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Oranges and Ink by Claire Louise Amias | Review

Oranges & InkWe think of the Restoration as being the start of a more enlightened age where things changed for the better. King Charles II learned from the mistakes of his father and, on the whole, his reign was not a bad one. However, the balance of power was, as had always been the case, very much skewed in favour of men with women very much in a secondary position. However, two ladies have gone down in history as being the ‘Spice Girls’ of their day. Intrigued? Then pop along to see Oranges and Ink by Claire Louise Amias which is having its world premiere at the Tristan Bates Theatre

Nell Gwyn (Sarah Lawrie) and Aphra Behn (Claire Louise Amias) are two best friends united by theatre. Before becoming mistress to the King, Nell had been an actor and had appeared in a play written by Aphra. In fact, Aphra had pretty much given Nell her big break. Since then, Nell’s life has changed. Living in a lovely house in Pall Mall, dressed in exquisite gowns, today, Aphra has come for a favour. She has written a new play and wants Nell to be her sponsor. Nell is not sure. This is a time of political intrigue with rumours of Popish plots – mainly concocted by Titus Oates – and Nell is concerned about her place in society. As the King’s concubine, her reputation hangs by a thread, and she is not sure sponsoring the lay is a smart move for her. Luckily, in the Restoration game of courtly poker, true friendship easily tops reputational worries.

There is a lot to like about Oranges and Ink. The relationship between the two actors, both as people and characters, works really well and there is some lovely chemistry between Lawrie and Amias). The story itself is interesting, exploring the lives of women during the Restoration period which appears to have been pretty poor. Whatever their profession, women were seemed to be thought of as little more than prostitutes – I have got to say, I’ve never heard the word whore used so much in a play – with a wealth of society ready to judge and destroy them.

There were a couple of issues. Once or twice it was difficult to follow the excerpts of plays that the two ladies quoted at each other – or really why they were doing so. Restoration comedy doesn’t always work that well these days, particularly when all we are getting is a small passage out of context. I also think that the ending could have been shortened. For me, finishing the play on Aphra’s last passage would have made a much stronger ending.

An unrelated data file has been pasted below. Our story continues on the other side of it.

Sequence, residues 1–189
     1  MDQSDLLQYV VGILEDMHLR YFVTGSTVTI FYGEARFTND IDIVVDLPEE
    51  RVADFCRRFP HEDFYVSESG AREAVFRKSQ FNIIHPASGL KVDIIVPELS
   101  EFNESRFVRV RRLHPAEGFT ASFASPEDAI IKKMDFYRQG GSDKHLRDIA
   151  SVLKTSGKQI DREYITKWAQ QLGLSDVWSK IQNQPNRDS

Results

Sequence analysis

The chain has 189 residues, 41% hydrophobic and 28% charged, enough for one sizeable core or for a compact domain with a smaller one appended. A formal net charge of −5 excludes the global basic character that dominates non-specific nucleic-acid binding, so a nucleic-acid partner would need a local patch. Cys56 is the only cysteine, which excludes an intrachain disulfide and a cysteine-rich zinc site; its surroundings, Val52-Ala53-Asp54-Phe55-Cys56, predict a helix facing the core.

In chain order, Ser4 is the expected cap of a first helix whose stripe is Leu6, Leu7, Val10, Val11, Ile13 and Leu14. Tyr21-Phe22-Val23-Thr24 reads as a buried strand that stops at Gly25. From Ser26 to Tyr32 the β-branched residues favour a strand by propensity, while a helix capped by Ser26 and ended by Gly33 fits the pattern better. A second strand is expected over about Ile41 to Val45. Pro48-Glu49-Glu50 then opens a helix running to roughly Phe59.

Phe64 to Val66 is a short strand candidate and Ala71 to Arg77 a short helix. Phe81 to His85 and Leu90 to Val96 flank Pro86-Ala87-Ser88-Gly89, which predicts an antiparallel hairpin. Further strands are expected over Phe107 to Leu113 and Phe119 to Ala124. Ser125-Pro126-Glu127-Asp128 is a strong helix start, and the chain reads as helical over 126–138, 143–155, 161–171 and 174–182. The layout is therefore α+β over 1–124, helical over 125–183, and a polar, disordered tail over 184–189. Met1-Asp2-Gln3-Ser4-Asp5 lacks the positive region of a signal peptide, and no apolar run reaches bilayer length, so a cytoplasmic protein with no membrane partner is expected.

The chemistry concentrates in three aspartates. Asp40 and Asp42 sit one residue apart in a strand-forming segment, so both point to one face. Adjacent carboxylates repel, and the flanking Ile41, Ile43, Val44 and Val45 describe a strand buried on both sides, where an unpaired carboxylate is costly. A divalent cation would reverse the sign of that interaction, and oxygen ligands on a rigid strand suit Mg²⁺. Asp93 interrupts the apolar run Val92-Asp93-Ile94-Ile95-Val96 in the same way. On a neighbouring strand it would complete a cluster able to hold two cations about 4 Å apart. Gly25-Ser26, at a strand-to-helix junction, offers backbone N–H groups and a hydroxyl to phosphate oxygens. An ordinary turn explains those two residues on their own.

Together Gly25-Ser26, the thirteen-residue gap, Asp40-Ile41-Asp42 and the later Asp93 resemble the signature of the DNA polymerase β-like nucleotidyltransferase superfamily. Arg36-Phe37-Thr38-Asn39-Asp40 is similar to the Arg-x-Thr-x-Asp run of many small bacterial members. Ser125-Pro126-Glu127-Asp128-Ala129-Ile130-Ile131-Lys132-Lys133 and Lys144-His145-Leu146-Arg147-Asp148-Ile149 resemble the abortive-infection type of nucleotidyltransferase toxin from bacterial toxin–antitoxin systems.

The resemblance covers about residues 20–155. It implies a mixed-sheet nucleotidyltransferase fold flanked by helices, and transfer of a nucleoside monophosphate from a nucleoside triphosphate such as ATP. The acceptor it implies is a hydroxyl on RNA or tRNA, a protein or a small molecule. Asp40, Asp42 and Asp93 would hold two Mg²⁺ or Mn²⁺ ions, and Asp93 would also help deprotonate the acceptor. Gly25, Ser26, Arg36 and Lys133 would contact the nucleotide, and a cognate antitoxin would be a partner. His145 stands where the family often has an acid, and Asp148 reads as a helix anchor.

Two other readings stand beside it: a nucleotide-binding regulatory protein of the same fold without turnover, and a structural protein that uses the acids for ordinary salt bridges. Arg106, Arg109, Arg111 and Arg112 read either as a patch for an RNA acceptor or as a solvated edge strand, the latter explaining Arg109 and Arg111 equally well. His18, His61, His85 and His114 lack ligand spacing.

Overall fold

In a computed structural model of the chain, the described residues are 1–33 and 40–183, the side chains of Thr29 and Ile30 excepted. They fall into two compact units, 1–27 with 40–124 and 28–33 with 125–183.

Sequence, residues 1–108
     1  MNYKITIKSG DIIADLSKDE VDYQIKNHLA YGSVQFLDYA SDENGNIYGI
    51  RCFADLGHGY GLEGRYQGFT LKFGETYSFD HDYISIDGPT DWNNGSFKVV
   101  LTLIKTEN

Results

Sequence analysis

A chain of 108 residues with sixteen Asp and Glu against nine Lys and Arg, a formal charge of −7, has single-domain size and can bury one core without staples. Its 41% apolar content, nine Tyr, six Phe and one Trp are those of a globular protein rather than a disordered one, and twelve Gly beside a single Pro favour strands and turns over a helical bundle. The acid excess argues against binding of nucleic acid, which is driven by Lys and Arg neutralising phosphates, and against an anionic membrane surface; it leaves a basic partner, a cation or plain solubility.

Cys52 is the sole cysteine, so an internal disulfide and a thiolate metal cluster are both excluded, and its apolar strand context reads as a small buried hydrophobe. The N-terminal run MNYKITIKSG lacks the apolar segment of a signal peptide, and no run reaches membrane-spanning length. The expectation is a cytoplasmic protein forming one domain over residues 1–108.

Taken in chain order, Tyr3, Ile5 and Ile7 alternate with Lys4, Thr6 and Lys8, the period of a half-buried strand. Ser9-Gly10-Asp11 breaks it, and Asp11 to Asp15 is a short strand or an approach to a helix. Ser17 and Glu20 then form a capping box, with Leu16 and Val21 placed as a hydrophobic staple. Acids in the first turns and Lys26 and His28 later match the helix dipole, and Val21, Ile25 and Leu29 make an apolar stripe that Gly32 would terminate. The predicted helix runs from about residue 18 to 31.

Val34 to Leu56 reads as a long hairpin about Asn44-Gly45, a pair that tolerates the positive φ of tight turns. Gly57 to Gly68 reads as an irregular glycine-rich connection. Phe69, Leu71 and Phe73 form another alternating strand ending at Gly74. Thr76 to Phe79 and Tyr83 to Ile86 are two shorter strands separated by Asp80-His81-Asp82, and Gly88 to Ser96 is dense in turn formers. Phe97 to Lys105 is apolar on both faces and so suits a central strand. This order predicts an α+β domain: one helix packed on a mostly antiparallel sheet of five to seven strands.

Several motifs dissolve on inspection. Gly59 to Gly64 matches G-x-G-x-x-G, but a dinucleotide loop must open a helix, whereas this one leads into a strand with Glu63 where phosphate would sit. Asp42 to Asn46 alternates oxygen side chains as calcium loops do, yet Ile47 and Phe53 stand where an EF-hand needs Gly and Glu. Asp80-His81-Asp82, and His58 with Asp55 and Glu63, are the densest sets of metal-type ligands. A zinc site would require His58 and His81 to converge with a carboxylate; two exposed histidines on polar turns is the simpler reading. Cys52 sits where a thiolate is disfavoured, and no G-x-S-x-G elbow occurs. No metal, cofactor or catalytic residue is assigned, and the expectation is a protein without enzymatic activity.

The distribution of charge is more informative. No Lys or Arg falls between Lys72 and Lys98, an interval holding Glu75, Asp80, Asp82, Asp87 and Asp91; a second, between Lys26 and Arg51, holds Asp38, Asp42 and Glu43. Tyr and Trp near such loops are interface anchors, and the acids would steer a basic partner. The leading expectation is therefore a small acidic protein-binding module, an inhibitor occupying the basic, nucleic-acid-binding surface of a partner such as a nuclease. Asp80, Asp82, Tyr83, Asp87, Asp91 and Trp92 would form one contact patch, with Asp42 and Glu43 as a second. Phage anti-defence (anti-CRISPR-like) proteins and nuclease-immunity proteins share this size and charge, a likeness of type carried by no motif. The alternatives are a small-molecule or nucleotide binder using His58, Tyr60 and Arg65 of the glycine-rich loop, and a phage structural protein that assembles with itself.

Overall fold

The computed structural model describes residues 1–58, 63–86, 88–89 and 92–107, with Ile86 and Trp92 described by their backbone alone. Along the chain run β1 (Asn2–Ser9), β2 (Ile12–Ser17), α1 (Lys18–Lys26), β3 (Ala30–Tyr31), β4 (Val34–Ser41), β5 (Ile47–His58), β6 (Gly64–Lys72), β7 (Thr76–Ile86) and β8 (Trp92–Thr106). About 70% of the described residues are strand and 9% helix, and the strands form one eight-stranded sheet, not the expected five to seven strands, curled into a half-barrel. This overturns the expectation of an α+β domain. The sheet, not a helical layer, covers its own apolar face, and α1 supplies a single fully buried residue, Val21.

Having said that, I did enjoy the show and, with its running time of around an hour, I learnt quite a lot about both Nell Gwyn and Aphra Behn. Director Alex Pearson kept things moving well and William Summers’ music made the scene changes smooth and enjoyable. Overall, Oranges and Ink is a really nice play that works on most levels but in my personal opinion, just needs a couple of tweaks to take to the next level.

3 Star Review

Review by Terry Eastham

Aphra Behn and Nell Gwyn were good friends. One of them the first professional female writer and the other an actress turned royal courtesan, they helped each other find success, despite humble beginnings.

Oranges & Ink takes place at a time when fake news about a ‘Popish Plot’ to kill the King is being used to stir up anti-Catholic feelings. When the public seem more interested in the theatre of politics than in the actual playhouses, how is Aphra to continue making a living from her plays? And what will happen to Nell if the King dies? Can she go back to the stage?

The world premiere of
Oranges & Ink
by Claire Louise Amias
Directed by Alex Pearson
Music arranged by William Summers, recorded by The Lovekyn Consort
Presented by A Monkey with Cymbals, And Tomorrow Theatre Company and Alex Pearson Productions
Cast: Claire Louise Amias and Sarah Lawrie

Booking to 6th April 2019
Tristan Bates Theatre, 1a Tower Street, London, WC2H 9NP


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